New Brunswick Tribune

The Ukrainian Club of Moncton will provide temporary refugee shelter in a former church

In a former church, the Moncton Ukrainian Club will provide temporary refugee shelter.

Key Takeaways:

  • The Ukrainian Club of Moncton is renovating the basement of a decommissioned church to provide temporary housing for newcomers from Ukraine.
  • They debuted as a drop-off point on Tuesday, thanks to a generous donation from local entrepreneur Roméo Goguen.
  • Clothing hangers, shelves, and anything else that may be used to store and organize donations are in high demand right now.

The Ukrainian Club of Moncton is remodeling a disused church’s basement to provide temporary lodging for newcomers from Ukraine.

“There will be 7 rooms downstairs, with 2 full bathrooms, and a fantastic enormous community kitchen,” said Natalia Haidash, an executive committee member. We can accommodate up to 30 guests at a time.”

They are currently sorting items for immigrants in the basement of the former St. Andrew’s Presbytarian church in downtown Moncton.

On Tuesday, they opened as a drop-off location after local entrepreneur Roméo Goguen granted them the facility for free.

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Housewares, clothing, and children’s toys were instantly donated, according to Haidash.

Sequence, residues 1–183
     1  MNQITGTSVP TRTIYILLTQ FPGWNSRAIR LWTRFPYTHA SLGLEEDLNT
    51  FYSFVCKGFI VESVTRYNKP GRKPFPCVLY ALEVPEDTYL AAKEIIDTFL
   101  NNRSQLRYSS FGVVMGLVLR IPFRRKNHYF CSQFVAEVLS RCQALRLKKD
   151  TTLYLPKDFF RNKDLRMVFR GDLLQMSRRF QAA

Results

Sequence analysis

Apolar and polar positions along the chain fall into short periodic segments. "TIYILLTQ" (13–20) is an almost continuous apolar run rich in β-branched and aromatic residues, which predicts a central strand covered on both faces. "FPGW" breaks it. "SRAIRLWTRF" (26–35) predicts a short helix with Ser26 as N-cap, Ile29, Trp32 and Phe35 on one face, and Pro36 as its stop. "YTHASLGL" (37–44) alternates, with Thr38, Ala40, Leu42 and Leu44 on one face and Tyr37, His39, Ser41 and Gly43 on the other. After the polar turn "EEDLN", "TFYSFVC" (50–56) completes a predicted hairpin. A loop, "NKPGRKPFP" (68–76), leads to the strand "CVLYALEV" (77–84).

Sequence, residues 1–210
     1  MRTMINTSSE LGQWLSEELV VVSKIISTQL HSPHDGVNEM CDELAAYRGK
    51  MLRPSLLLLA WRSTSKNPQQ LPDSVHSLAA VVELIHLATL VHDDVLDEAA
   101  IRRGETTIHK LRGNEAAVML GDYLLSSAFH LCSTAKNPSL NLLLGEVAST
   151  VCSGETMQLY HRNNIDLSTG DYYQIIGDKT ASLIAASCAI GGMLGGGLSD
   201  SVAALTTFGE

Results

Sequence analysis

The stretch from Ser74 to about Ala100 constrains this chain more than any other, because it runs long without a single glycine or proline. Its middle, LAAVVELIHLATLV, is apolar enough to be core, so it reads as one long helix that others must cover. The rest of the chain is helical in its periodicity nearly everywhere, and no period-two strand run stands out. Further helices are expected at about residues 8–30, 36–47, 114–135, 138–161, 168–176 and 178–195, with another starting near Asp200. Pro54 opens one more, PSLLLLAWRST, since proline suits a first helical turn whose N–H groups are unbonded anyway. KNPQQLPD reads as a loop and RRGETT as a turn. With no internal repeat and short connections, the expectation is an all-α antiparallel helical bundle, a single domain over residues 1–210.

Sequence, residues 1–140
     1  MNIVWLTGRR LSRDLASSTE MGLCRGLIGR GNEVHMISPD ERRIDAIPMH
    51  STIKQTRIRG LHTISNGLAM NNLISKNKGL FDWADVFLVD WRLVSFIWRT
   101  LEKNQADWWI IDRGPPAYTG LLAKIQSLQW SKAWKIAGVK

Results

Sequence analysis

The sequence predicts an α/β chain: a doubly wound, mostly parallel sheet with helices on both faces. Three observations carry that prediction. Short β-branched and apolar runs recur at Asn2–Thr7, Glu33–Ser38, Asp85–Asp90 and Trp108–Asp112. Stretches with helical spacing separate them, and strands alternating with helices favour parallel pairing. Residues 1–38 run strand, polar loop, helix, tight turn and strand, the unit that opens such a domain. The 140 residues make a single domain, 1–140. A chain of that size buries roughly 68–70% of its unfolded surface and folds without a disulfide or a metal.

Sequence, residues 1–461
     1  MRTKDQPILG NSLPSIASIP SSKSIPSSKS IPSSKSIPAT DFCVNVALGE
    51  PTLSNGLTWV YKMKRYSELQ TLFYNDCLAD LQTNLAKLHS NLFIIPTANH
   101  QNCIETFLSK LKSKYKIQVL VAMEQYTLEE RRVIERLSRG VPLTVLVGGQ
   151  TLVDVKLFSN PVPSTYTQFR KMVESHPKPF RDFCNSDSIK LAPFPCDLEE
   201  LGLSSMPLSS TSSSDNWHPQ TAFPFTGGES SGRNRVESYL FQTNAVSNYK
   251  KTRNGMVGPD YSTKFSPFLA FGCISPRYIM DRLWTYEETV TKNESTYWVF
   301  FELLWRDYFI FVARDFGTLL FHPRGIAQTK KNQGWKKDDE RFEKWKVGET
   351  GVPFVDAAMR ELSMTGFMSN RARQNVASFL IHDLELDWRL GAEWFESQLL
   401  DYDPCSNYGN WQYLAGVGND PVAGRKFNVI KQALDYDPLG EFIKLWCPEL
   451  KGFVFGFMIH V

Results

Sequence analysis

“We started asking newcomers to come to get this stuff since we don’t have space,” she explained.

The Ukrainian Club already has a second warehouse for storage, as well as a drop-off location at the YMCA in the North End.

“They’re two separate initiatives,” Haidash explained. The YMCA location accepts donations for Ukraine, while the new location accepts money for newcomers to Moncton.

On Saturday morning, volunteers like Tania Lasaga-Mallaley had their hands full as donations continued to pour in.

In a former church, the Moncton Ukrainian Club will provide temporary refugee shelter.
In a former church, the Moncton Ukrainian Club will provide temporary refugee shelter. Image from Eminetra Canada

“It’s fantastic because you get to meet a lot of people and exchange stories with them, as well as understand and welcome them to Canada.” “It’s fantastic,” she exclaimed.

Donors like Christian Arseneault of Moncton arrived to dump their belongings.

“We assumed the best way we could contribute was to clean our house, look at what the kids weren’t using, and give it to other kids who could use it,” he explained.

Newcomers are arriving daily to pick up donations, according to Haidash. The largest needs right now are clothing hangers, shelves, and anything else that can be utilized to store and arrange donations.

She advises that those interested in giving things or volunteering their time may visit the Ukrainian Club’s Facebook page or contact them personally.

Source: Global News

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